You can make a difference.
COP25 managed to underperform even the lowest expectations heading to Madrid.
The 2019 UN climate negotiations were expected to be little more than a stopover on the way to 2020 when countries will gather in Glasgow to announce new, more ambitious plans to limit climate pollution.
But there was hope that the world’s governments would feel compelled to respond to the explosion of public concern in 2019. In the end, they did not even live up to the most meager expectations.
The United States, Brazil and Australia were the the main obstructionists. The United States' role was particularly galling because Donald Trump had already pulled out of the Paris agreement.
Brazil’s Bolsonaro, the “Trump of the Tropics,” turned his arsonism onto the international stage, a brief detour from torching the Amazon rainforest.
Australia’s delegation blatantly did the bidding of its coal industry. They return home to a country ablaze in bushfires and a population choking in smoke.
But even outside the triad of obstructionists, the negotiations were poorly handled. Much of the blame goes to Chile who held this year's COP presidency. Shockingly little work had been done to line up the issues and troubleshoot predictable sticking points in advance. Even once the negotiations were underway, it was virtually impossible to track the goings-on. “The most opaque COP I have ever seen,” said Elizabeth May.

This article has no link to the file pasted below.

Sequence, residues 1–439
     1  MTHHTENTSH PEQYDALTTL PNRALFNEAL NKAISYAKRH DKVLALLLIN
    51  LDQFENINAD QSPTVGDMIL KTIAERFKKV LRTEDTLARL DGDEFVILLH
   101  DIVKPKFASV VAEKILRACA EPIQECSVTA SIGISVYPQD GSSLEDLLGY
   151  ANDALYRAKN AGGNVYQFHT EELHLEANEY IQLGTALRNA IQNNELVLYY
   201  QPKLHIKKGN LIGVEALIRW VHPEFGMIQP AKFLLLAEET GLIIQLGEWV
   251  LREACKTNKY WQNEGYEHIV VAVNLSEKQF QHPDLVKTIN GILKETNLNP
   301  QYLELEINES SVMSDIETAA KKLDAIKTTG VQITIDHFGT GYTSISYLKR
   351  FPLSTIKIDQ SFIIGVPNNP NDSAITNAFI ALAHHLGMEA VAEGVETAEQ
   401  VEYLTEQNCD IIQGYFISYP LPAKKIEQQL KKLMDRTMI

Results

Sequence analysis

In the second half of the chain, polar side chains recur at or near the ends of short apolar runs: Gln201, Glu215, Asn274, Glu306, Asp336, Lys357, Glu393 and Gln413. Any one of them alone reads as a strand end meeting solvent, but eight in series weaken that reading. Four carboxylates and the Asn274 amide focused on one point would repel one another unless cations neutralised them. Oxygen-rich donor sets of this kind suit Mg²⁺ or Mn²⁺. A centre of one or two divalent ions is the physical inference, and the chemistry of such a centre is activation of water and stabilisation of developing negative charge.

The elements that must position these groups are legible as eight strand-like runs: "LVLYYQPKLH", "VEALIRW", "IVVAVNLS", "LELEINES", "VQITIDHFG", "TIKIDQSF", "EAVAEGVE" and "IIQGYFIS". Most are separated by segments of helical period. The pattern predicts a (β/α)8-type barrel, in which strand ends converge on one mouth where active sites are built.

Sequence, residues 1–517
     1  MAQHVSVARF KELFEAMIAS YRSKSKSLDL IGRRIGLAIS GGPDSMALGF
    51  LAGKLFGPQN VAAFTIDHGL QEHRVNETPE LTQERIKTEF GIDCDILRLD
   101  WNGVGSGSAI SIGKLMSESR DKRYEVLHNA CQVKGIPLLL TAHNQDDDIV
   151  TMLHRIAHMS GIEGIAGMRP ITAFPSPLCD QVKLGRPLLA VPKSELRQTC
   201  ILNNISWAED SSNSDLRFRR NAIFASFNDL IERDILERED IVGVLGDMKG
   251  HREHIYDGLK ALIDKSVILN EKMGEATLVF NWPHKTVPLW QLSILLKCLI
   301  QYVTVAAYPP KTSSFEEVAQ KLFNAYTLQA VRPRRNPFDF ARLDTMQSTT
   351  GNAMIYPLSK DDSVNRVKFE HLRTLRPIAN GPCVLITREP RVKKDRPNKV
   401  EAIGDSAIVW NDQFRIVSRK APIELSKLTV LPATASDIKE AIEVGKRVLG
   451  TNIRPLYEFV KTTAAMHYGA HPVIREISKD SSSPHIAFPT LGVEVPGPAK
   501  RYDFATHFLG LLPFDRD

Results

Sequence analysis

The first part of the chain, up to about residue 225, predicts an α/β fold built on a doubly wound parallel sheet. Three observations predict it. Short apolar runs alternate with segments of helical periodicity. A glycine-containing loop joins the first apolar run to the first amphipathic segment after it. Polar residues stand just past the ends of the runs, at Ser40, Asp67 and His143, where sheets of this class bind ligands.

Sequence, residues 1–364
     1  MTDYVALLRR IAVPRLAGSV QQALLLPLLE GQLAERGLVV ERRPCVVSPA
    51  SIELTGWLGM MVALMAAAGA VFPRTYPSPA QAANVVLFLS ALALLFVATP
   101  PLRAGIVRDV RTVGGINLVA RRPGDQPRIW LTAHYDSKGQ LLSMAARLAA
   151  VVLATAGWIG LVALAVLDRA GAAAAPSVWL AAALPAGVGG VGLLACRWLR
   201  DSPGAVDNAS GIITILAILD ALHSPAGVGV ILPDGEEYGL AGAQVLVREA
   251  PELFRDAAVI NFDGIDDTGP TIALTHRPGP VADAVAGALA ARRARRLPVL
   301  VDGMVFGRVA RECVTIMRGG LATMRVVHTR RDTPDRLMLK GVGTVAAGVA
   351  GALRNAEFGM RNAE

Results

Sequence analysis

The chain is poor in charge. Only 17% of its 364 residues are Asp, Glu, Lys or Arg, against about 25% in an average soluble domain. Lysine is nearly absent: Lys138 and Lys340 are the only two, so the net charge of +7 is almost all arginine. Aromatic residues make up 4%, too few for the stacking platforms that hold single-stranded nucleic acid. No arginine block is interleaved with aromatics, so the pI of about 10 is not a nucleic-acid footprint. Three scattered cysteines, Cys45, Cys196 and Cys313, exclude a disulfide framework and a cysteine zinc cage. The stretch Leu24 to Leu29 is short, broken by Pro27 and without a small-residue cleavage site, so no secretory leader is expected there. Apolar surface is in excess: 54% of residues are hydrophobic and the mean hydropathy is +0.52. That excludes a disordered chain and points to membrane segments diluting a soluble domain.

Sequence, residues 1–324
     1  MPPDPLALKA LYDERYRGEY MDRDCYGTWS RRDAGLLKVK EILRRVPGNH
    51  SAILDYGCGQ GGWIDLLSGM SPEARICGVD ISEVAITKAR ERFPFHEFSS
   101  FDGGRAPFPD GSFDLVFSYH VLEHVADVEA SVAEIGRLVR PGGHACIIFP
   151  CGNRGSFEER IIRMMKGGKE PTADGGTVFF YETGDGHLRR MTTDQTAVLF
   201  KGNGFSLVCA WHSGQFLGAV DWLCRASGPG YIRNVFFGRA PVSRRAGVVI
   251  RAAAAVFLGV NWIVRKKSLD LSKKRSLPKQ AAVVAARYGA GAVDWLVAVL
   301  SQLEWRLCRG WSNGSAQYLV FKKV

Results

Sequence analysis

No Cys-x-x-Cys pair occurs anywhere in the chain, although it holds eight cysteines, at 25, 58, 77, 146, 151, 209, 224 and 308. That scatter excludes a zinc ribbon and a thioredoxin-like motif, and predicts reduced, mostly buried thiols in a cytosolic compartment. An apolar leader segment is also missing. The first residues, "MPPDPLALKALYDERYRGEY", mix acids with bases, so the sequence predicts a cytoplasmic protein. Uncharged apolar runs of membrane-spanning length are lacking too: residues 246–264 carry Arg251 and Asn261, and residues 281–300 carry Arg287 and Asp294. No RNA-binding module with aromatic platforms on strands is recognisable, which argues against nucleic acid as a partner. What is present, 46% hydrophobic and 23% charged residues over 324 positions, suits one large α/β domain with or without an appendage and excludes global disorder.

It is particularly unfair to Spain that the Madrid talks will be remembered as a failure. Spain valiantly offered to host the negotiations after riots against austerity measures forced Chile to abandon the COP in Santiago. Chile maintained its role managing the negotiating process but the talks themselves moved to Madrid. The Spanish capital had just a month's preparation before welcoming every country in the world — less time to prep than the average office holiday party.
When the heads of state, federal and subnational ministers along with thousands of negotiators, experts and observers arrived, the entire city was ready. Madrid’s elegant buildings and avenues were festooned with creative artwork highlighting the climate challenge. Enormous LED signs lit the Gran Via. Delegates were given passes to an impressive metro system, its subway cars decked out in climate wraps and stations covered with billboards. The massive conference centre was highly organized as if plans and preparations had been underway for many months if not years.